Holistic Society: Create a National Integrity System for Malaysia
Selina Chean, John Ku, Zulkifli Hilmi
3d Anti corruption
Public perception of corruption in Malaysia has rapidly deteriorated by 8.7%1 over the last 4 years alone, with respondents citing widespread instances of corruption in the public and enforcement sectors as contributing to this decline. Clearly, a systemic, whole-of-society response is required to even halt, if not reverse, this trend.
Value(s) and Belief(s):
To ensure that there is an enabling environment that supports reduction in corruption, a National Integrity System needs to be built.
The NIS pillars are interdependent, a weakening of one pillar can result in an increased load being shifted on the others. Where several pillars weaken, the point may be reached where the system effectively collapses.
Proposal of Solution:
Identify gaps and opportunities for corruption within each of the pillars and then coordinate the work of the government, civil society, and corporates into a coherent framework. Some key initiatives are identified below.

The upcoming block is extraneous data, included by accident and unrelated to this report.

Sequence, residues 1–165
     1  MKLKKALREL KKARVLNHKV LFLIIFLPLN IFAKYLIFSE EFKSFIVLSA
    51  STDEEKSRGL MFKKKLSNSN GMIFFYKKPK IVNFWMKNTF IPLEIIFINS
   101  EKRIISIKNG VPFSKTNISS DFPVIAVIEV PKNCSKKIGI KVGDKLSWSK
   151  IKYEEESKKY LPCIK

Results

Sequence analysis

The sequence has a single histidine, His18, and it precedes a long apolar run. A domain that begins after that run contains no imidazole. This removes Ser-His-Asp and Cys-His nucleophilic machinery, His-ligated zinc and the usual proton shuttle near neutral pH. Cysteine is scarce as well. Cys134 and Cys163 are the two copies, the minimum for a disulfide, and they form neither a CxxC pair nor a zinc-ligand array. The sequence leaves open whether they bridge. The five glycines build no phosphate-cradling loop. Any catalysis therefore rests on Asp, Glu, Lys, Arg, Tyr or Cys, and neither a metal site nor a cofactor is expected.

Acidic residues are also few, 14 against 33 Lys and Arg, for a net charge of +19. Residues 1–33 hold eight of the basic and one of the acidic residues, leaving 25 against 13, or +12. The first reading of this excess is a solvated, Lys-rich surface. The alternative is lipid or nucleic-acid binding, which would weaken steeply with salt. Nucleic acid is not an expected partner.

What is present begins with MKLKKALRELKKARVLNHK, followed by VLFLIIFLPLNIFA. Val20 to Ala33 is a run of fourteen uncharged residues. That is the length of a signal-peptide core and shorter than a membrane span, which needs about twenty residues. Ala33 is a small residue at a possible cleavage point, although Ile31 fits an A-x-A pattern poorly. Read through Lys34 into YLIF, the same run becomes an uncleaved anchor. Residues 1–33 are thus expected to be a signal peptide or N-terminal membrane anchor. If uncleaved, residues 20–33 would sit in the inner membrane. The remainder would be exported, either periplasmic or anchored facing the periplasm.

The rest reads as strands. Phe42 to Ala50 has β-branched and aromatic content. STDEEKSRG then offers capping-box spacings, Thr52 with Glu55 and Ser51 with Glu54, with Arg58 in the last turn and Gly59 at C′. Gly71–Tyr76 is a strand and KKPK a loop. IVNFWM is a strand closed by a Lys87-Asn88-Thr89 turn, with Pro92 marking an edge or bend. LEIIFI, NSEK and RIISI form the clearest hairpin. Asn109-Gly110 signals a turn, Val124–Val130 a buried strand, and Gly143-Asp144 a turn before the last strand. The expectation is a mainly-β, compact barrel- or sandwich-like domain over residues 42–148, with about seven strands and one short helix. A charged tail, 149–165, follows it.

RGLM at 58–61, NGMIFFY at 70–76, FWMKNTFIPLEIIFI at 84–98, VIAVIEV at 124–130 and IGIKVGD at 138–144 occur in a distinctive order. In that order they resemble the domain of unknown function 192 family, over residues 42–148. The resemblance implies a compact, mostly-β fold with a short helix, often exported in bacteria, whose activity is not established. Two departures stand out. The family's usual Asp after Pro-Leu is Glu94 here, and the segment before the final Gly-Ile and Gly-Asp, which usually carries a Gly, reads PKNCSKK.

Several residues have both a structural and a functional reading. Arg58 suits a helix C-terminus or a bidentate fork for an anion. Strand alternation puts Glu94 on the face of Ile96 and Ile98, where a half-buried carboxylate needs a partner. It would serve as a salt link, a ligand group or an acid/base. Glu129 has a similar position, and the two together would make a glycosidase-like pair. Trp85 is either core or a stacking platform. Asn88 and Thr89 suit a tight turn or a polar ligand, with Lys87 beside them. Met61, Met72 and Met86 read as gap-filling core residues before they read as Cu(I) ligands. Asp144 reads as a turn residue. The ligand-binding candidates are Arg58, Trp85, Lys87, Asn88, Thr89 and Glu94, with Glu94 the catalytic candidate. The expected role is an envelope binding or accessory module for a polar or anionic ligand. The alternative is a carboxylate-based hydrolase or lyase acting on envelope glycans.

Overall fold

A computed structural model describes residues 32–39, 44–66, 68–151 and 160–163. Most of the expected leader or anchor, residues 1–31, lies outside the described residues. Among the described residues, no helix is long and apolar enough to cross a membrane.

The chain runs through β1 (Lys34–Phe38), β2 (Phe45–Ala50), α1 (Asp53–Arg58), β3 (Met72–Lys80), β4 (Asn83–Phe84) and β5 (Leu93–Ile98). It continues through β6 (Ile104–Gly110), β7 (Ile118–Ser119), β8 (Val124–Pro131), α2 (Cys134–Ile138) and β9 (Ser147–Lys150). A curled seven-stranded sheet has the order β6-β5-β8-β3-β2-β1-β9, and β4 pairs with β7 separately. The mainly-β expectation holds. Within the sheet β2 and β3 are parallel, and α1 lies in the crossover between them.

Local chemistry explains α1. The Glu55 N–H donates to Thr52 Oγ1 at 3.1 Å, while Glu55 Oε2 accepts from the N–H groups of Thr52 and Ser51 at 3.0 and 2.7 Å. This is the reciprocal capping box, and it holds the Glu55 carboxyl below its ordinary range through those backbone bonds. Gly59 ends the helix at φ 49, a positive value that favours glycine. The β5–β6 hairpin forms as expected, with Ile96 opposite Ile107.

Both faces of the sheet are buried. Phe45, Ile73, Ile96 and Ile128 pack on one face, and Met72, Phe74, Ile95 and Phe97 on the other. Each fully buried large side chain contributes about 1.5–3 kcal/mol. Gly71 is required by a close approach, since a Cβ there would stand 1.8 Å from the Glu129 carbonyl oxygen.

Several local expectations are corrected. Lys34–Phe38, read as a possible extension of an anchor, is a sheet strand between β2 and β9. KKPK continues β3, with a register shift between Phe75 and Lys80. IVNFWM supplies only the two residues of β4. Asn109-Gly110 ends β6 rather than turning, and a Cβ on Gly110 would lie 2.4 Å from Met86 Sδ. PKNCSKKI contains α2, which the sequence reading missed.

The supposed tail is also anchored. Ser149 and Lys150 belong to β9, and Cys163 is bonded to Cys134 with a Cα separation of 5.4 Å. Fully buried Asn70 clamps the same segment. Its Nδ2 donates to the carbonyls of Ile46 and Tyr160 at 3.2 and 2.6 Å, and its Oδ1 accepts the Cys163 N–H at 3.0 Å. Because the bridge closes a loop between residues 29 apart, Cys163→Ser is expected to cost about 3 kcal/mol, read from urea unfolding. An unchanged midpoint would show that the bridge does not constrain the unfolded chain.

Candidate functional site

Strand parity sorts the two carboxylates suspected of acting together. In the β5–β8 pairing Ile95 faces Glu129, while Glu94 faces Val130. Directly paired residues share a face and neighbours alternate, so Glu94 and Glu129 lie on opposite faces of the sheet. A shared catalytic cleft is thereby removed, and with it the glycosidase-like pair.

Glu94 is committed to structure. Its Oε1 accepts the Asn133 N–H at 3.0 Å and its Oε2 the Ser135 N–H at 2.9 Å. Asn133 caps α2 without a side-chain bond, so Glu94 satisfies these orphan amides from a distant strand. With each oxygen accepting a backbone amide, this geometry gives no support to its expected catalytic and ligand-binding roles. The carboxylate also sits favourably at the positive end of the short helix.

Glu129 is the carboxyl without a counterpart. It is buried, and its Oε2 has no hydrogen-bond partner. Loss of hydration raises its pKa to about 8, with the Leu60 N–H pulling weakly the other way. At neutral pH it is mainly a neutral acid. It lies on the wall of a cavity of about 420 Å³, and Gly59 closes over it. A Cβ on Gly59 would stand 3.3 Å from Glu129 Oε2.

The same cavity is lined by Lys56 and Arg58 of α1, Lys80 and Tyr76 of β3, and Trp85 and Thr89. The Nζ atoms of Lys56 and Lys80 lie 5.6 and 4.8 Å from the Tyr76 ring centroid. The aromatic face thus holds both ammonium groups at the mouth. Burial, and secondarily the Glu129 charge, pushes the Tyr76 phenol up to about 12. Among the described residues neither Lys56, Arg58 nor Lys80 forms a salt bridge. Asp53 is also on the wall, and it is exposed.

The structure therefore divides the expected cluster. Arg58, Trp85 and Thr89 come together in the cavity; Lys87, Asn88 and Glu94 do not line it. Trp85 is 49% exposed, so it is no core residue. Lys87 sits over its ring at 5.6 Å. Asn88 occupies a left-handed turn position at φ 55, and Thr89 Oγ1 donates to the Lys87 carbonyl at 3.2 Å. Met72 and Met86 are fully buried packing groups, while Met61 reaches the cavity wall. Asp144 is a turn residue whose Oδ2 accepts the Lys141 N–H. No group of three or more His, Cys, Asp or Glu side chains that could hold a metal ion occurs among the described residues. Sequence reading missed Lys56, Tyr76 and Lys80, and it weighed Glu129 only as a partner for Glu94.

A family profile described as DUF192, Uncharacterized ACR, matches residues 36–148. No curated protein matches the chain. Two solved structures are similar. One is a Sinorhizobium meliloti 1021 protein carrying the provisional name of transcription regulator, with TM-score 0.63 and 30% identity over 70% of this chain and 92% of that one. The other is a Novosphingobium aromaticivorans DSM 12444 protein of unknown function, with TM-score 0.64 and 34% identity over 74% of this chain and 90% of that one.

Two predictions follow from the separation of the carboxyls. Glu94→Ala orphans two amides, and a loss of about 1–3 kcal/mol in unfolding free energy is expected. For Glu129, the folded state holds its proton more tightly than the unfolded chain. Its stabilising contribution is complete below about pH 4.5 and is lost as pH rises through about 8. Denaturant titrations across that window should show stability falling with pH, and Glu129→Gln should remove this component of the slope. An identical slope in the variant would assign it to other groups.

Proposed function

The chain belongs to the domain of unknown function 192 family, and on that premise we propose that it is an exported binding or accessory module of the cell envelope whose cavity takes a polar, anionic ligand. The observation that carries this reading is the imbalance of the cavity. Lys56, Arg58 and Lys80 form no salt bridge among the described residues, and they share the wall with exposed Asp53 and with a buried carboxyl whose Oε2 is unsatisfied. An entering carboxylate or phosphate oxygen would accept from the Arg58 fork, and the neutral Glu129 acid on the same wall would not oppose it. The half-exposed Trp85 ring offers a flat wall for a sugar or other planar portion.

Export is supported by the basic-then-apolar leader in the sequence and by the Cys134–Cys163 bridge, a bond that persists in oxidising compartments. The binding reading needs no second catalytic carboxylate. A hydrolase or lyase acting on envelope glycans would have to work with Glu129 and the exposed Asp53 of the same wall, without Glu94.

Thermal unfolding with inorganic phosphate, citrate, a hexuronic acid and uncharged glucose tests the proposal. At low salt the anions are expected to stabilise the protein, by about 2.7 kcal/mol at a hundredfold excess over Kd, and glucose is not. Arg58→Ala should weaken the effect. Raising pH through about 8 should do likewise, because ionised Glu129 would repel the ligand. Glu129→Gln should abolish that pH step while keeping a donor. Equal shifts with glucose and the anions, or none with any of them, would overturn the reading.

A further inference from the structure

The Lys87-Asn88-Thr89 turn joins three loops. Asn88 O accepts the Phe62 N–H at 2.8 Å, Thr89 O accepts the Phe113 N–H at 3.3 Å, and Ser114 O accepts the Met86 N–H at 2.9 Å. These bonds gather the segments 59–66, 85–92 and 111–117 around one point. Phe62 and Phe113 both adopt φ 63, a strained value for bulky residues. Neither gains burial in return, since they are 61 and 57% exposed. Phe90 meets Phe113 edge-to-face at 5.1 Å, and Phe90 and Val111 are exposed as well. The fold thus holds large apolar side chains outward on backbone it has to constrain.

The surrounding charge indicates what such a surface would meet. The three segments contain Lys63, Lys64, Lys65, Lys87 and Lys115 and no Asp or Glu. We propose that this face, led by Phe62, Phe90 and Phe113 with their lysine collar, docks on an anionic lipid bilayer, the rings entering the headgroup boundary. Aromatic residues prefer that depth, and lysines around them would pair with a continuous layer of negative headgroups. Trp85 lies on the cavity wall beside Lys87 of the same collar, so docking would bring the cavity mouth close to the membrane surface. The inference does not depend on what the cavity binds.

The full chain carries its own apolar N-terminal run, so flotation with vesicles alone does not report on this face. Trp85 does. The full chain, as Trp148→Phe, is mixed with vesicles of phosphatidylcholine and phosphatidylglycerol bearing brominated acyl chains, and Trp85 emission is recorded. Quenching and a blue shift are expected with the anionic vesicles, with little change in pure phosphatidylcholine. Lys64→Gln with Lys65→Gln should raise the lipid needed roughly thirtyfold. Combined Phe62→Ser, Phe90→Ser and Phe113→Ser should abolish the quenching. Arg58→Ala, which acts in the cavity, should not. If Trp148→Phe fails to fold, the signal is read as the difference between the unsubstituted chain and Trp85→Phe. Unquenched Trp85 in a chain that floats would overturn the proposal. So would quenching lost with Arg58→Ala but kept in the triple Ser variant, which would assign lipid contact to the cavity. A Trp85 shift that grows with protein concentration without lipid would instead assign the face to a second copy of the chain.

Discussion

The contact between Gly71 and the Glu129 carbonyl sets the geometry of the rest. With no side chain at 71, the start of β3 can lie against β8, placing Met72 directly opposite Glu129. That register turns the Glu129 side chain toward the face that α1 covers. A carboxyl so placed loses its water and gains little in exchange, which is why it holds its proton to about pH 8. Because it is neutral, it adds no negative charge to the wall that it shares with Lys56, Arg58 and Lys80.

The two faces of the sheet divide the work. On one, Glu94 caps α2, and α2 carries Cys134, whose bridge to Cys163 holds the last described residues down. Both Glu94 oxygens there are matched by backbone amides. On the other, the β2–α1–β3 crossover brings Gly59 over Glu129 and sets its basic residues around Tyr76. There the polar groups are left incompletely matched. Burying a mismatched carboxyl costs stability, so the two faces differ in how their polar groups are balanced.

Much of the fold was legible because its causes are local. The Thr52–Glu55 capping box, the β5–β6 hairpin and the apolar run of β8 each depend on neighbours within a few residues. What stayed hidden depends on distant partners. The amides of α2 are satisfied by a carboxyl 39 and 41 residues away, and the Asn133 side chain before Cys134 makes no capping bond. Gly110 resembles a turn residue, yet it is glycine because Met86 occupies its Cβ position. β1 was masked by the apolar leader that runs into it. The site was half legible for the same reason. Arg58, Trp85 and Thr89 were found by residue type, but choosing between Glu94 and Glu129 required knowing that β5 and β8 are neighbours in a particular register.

Active Civil Society
▪ Repeal OSA and review role of MCMC.
▪ Integrate anti-corruption values into education for all secondary schools
▪ National level corruption campaign with media, educational and religious groups
▪ Review appointment of Directors and shareholders of GLCs
▪ Implement declaration and monitoring of assets
▪ Increase protection of minority shareholders’ interests
▪ Increase control of monopolies and quasi-monopolies
▪ Strengthen anti-corruption legislation and institutions
Public Administration Reform
▪ Enforce Code of Ethics in the public service
▪ Implement declaration and monitoring of assets for top civil servants
Isu dan Polisi Semasa:
Nilai-nilai dan Kepercayaan: